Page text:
# Ateneo Physics student Miguel Antonio Sulangi: a BPI-DOST Science Awardee

March 10, 2011 1 Comment

by Quirino Sugon Jr.

For several months, Miggy worked not for me but for Dr. Germelino Abito who got his Ph.D. in Physics at the University of Iowa. His specialization is Theoretical Solid State Physics. But at the start of June, I received a mail from Dr. Abito.

“Pope, can you advise Miggy for me? I shall be leaving for the U.S. immediately. His topic is about the quantum mechanics of geometry-induced potentials. It is a very recent field.”

“I am not very fond of Quantum,” I replied. “But I can help him with the geometry part.”

“Don’t worry.” Dr. Abito said. “Miggy is a self-motivated guy. You only need to make sure that he does not commit major blunders in his computations.”

So Miggy became my thesis student. In his thesis, Miggy computed the quantum mechanical effects putting a charged particle in the constraining geometries of catenoid and helicoid under magnetic fields. The equations are difficult to solve, so we looked only at special cases. I tried to make him work on only one problem, so that he can focus fully on it. He said he can easily do both because the problems are similar. He typed a 30-page manuscript in LaTeX and sent it as an entry to the BPI-DOST national science awards. I have no comments with Miggy’s writing; I only suggested to him to approximate the potential wells as parabolic so that he can compute energy states. He followed my suggestion. Miggy’s work was among the few short-listed for the national finals. For this, he was awarded with the BPI-DOST Science Award last March 2 at the Escaler Hall, Ateneo de Manila University.

Frankly, I do not fully understand Miggy’s work: it was written in tensors and not in vectors, because tensors were the language of his references. His g-mu-nu’s sounds Greek to me. I only looked at his equations and asked him what they are. Then I translate his equations into vector form in my mind: that’s a Laplacian, that’s a gradient, that’s a dot product. It’s like two people talking in two different languages. It’s hard, but we manage to plod on.

Miggy enrolled before in an elective course on Calculus on Manifolds for Physicists which I taught. There are only two of them in the course: him and Michael Andrews. Miggy is a transferee from Economics; Michael already finished his Management Engineering. I taught them the basics of Clifford (geometric) algebra and calculus and how these are used in the description of manifolds. We discussed the differential geometry of the helicoid and the hyperboloid because these are the geometries of interest to Miggy. Miggy and his companion learned fast. They have mastered the art of geometric algebra. Two weeks before the end of the course, I asked them to give lectures on differential geometry using tensors.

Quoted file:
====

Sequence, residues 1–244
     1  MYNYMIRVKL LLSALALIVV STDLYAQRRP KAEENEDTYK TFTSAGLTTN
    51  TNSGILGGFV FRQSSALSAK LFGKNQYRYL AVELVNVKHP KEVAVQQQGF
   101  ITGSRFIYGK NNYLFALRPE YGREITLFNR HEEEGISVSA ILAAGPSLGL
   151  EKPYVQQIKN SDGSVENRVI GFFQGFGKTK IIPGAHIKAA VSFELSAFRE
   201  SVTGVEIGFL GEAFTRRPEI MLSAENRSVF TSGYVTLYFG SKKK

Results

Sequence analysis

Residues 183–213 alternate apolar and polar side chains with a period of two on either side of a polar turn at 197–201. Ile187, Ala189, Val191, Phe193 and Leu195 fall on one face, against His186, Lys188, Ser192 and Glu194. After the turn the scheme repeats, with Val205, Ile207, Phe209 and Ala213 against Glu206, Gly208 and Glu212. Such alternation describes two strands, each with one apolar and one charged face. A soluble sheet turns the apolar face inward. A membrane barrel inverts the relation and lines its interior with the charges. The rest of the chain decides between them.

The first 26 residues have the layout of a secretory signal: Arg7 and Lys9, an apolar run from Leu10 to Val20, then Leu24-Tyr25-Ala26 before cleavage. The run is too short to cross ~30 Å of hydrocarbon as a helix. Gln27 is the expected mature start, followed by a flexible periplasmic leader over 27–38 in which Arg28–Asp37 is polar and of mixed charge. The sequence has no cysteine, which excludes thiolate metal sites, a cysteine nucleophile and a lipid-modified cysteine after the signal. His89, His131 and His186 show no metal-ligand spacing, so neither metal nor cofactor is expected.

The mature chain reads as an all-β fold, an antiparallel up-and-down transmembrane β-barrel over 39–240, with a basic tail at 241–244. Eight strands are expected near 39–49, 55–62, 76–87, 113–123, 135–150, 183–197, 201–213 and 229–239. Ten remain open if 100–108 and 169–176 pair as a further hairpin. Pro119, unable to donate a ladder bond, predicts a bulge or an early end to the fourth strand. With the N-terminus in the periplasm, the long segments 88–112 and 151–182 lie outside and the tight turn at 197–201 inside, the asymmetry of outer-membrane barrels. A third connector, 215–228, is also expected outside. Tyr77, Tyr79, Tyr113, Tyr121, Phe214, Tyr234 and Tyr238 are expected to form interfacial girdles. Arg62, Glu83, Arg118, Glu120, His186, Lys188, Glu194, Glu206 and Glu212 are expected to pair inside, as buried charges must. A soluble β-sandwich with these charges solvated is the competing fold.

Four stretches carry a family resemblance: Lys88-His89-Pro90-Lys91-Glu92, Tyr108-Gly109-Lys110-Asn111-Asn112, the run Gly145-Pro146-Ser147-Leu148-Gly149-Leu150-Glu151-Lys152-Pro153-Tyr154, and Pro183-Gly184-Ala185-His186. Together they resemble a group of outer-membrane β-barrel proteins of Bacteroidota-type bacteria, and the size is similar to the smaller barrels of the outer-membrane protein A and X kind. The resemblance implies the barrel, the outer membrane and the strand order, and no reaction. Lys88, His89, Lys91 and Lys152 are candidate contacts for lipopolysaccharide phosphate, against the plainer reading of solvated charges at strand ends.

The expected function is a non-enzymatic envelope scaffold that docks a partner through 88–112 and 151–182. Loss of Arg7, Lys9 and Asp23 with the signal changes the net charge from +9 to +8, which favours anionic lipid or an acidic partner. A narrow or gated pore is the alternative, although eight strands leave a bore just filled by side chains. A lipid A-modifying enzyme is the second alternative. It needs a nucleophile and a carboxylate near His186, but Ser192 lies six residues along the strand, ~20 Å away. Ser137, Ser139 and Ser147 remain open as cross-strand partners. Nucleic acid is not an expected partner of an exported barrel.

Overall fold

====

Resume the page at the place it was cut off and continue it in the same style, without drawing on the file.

“I don’t understand tensor analysis,” I said to them. “I cannot imagine matrices unlike vectors and complex numbers in n-dimensional spaces in geometric algebra. But if you can teach me tensors, I would be happy. Let us see if what you can derive using tensors is the same as what we got using geometric algebra.”

Both of them liked the chance to teach. Miggy gave some lectures for about three one-hour meetings. He explained the index gymnastics in spacetime and applied these to Lorentz transforms and Maxwell equations. Miggy can explain well. He taught an old dog like me some new tricks. But he can be hasty when he writes on the board. His mind runs faster than his chalk. He still needs to learn the left-to-write board management. I also had a poor board organization when I first began to teach, especially in my first teaching demonstration as a teacher, so this should not be problem. What is important is that he knows his material well and he knows how to respond to questions.

After the course, Miggy asked me if I am still offering other geometric algebra courses. I told him, “No.” The other geometric algebra course on group theory is not offered this semester. “Do you have other problems in the SERC subcenter that I can work on?” he asked. “You can work on the reconstruction of ionograms given the electron density profile,” I told him. “You may need to make differential slices of the layers and compute the transmission and reflection coefficients per interface. Determine the intensity of the received signal as a function of height and the radar frequency. Start with a parabolic electron density profile without magnetic field.” “This looks exciting, sir.” I gave him the ionosphere book by Richards.

Miggy routinely A’s most of his physics subjects-a rare feat similar to that of Reinabelle Reyes, my previous undergraduate thesis student who is now finishing her Ph.D. in Astrophysics in Princeton University. I am glad to have another brilliant mind around. Miggy shall leave for the US soon to pursue his Ph.D. in Physics studies. He was already accepted in John Hopkins University and he is waiting for the responses from other schools before he makes his choice.

Congratulations, Miggy! And best wishes! Here is a prayer for you, an Old Irish Blessing:

May the road rise up to meet you.

May the wind always be at your back.

May the sun shine warm upon your face,

and rains fall soft upon your fields.

And until we meet again,

May God hold you in the palm of His hand.

I like this article. Miggy’s cool but he’s also a hard worker. What I really admire about him is that he rarely crams and he’s always around to help guys like us who have trouble with physics.